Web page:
After a relatively late breakfast at 7:15, we went to another part of Santiago, James Bay (Puerto Egas), a black sand beach. We walked along a trail through some trees, grasses, cacti and shrubs with blue-footed boobies flying off the cliffs and ground finches and mockingbirds flitting around. The trail led to lava cliffs which reminded me of the sandstone landscapes of the southwest as well as the coastal lava cliffs in Hawaii.
There were many pools, both deep and shallow, hollowed out by the pounding surf. Marine iguanas and fur seals inhabited these depressions. One deep depression was like a blowhole, filling up with water, swirling and foaming with the receding waves. Black rock against the blue of the sky and water - beautiful and dramatic!
We saw some stilts and ruddy turnstone. Galapagos flycatchers flitted around us. This species likes to pluck strands of hair from humans' heads to use in their nest building. One landed on my head, tickling as it briefly walked around.
Back on the beach, we wandered a bit to the furthest point we were allowed to walk. There were two arches in the lava, one of which had formed only in the last year. The forces of nature which create this beauty are apparent everywhere.
Doug went snorkeling and observed some white-tipped sharks and sea lions cavorting in a little trough. I sat in the shade of a manzanilla or poison apple, which is a member of the spurge family, and are poisonous to all except tortoises which adore them. Angelika advised us not to touch any part of the tree!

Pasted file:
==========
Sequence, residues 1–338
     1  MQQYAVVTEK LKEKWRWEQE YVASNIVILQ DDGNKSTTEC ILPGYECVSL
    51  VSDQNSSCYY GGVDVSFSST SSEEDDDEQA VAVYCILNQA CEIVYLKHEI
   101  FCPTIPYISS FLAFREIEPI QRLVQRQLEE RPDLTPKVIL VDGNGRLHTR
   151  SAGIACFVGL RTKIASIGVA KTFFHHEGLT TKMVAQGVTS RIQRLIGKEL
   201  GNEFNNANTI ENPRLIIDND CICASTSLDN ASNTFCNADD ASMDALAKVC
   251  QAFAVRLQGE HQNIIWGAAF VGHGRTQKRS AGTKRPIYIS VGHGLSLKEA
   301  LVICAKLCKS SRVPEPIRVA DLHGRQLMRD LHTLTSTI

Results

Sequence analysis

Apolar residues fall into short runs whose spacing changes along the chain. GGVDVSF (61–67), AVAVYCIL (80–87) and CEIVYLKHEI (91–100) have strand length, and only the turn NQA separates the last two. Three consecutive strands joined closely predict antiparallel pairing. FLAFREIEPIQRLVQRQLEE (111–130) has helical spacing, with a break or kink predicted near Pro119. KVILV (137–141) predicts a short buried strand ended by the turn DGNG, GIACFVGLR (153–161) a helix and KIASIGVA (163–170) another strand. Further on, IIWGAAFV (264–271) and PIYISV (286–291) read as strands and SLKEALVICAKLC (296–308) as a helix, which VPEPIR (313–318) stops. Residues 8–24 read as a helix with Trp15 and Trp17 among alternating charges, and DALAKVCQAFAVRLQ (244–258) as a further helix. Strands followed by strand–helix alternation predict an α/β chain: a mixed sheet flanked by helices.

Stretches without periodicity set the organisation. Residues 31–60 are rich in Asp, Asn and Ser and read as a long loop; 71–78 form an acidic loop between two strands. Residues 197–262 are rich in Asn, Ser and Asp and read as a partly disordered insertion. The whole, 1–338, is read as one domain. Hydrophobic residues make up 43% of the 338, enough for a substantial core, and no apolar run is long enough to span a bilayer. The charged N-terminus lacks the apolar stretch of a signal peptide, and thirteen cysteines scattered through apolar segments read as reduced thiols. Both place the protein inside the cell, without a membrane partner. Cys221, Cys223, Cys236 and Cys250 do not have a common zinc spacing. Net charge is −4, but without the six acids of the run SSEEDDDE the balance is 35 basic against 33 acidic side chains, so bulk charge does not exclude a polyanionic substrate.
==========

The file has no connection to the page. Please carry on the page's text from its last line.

We saw 2 Galapagos hawks - one flying overhead as we approached the beach and the other (or perhaps the same one) as we explored the area near the arches.
After lunch, I decided to stay on board while everyone went to Espumilla Beach, a red sand beach, on Santiago. Everyone said I didn't miss much. Doug saw an Ani and they walked through a mangrove forest, saw a goat skeleton, and went swimming. I read and watched the waves and clouds. The silence was broken when the alarm went off and the crew started running around. I was a bit panicked as we had had a drill in the event of an emergency when we first got on board. I didn't know what was happening. Should I go get my life vest or what? Francisco came to my rescue and told me it was "preparation" and motioned me to remain. Then he ran upstairs and the alarm ceased. After all the activity, the captain came down and apologized. Apparently he didn't realize there was anyone on board and he staged a drill for the crew. They really got into action testing equipment. It was good to know they are ready in the event of an emergency.
Every night after dinner, we have gone up to the top deck to marvel at the night sky. There are so many stars! Orion is visible as is the Milky Way, but we have been unable to identify other constellations. Angelika told us that at about 10:00 we would be able to see both the Big Dipper and the Southern Cross, but I doubt we'll be up that late!
|NaturesPix Website||NaturesPix YouTube||Olfarts' Home||Other Trips Home||Galapagos Trip Home||Quito to Galapagos||Santa Cruz (Las Bachas Beach)||Santiago & Bartolome||Genovese (Prince Phillips Steps)||Genovesa (Darwin Bay)||Isabela (Punta Vicente Roca)||Fernandina||Isabela (Urbina Elizabeth Bays)||Isabela (Tintoreras, Volcan Sierra Negra, Tortoise Breeding Center)||Santa Cruz(Highlands), Boat, People, Crew|
(Music: Cupid's Revenge by Kevin MacLeod (incompetech.com) Licensed under Creative Commons "Attribution 3.0" http://creativecommons.org/ licenses/by/3.0/